Caution, sure. But the industry is drilling at least 3,000 new wells in Colorado annually with the likelihood that the annual average will increase substantially. Another 50,000 wells are already operative. And, each is spewing a variety of unmeasured chemical substances into the atmosphere, into the air we all breathe. Add to this that the industry is generating trillions of gallons of fracking wastewater of generally unknown toxic quality which is being re-injecting into the ground under the most primitive of oversight standards, with hundreds upon hundreds of significant spills being reported each year. Under these circumstances, you’d think some enterprising public health official might sound a small alarm.
Not this evening. Dr. Urbina’s solution was to unveil a new plan, unvetted and unfunded, that might take, by his estimate, five years to complete. That’s the equal of at least 21,000 new wells and trillions of gallons of dangerously corrupted fresh water that must be warehoused somewhere. Moreover, as someone has already observed such a plan would take at least seven years, if you factor in funding and review time.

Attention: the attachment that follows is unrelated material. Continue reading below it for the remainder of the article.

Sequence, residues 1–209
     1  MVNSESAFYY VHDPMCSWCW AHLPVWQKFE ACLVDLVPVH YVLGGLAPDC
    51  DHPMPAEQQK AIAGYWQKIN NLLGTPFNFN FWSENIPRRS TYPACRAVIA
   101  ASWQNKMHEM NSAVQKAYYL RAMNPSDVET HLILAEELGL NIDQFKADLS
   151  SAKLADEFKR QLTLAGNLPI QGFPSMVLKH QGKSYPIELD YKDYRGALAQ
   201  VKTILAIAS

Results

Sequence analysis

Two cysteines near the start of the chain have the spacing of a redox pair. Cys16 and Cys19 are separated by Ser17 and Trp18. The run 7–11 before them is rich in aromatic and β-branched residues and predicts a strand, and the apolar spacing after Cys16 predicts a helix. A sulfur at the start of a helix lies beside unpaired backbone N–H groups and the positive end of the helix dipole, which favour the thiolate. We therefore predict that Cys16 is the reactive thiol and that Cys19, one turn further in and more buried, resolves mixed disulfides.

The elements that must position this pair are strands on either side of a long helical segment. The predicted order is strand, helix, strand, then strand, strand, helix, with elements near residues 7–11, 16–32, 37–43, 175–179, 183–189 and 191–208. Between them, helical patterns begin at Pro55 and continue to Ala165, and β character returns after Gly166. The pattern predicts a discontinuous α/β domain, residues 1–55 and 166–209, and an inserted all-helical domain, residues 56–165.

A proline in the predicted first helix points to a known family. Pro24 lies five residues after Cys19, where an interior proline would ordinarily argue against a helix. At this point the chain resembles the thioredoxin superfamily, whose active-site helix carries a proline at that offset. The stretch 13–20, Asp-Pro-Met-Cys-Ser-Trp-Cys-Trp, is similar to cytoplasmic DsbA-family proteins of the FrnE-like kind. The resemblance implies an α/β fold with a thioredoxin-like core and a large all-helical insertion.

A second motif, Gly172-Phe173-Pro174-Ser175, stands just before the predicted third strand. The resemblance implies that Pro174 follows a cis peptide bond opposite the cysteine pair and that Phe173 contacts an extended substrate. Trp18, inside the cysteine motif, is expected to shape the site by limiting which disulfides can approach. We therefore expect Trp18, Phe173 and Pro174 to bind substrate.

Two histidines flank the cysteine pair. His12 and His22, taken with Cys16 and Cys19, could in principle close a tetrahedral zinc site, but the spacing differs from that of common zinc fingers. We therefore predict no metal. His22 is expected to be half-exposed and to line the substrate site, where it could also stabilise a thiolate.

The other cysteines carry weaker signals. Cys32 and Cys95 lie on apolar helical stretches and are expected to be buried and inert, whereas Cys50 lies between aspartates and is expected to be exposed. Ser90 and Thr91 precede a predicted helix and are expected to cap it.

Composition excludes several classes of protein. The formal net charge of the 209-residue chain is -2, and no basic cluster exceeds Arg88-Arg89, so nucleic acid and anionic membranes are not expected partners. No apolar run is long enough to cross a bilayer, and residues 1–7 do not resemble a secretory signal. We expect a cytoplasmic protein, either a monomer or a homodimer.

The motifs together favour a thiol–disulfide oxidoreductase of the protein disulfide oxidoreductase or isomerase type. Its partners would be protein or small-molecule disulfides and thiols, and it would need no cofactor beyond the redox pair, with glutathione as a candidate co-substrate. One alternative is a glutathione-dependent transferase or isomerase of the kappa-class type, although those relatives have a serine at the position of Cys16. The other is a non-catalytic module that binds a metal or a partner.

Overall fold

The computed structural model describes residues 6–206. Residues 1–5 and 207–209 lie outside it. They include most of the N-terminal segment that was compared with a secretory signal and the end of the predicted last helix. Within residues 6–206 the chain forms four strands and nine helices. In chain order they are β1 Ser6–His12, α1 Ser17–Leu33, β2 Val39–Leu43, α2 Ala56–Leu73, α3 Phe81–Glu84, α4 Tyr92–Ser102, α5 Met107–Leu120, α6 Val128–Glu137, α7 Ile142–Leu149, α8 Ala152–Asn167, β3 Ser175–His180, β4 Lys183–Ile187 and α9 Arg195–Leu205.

So, make that at least 28,000 new wells. Even more oddly, Urbina’s plan would focus on Garfield County, Colorado rather than on the Front Range as proposed in HB 1275. Garfield County is on the west slope and several studies have been conducted there already. But no studies have been conducted on the Front Range where drilling, like some form of crazy mutant kudzu, is starting to engulf community after community.
One of the Garfield County studies by the Colorado School of Public Health, had shown that even at distances of 2,700 feet from a well site, toxic chemicals were still detectable at levels that increase the chance of developing cancer by 66 percent based on published health standards. The county government, alarmed at the preliminary results, then defunded the study. This study figured prominently is New York Governor Cuomo’s decision to initiate a moratorium on fracking in his state.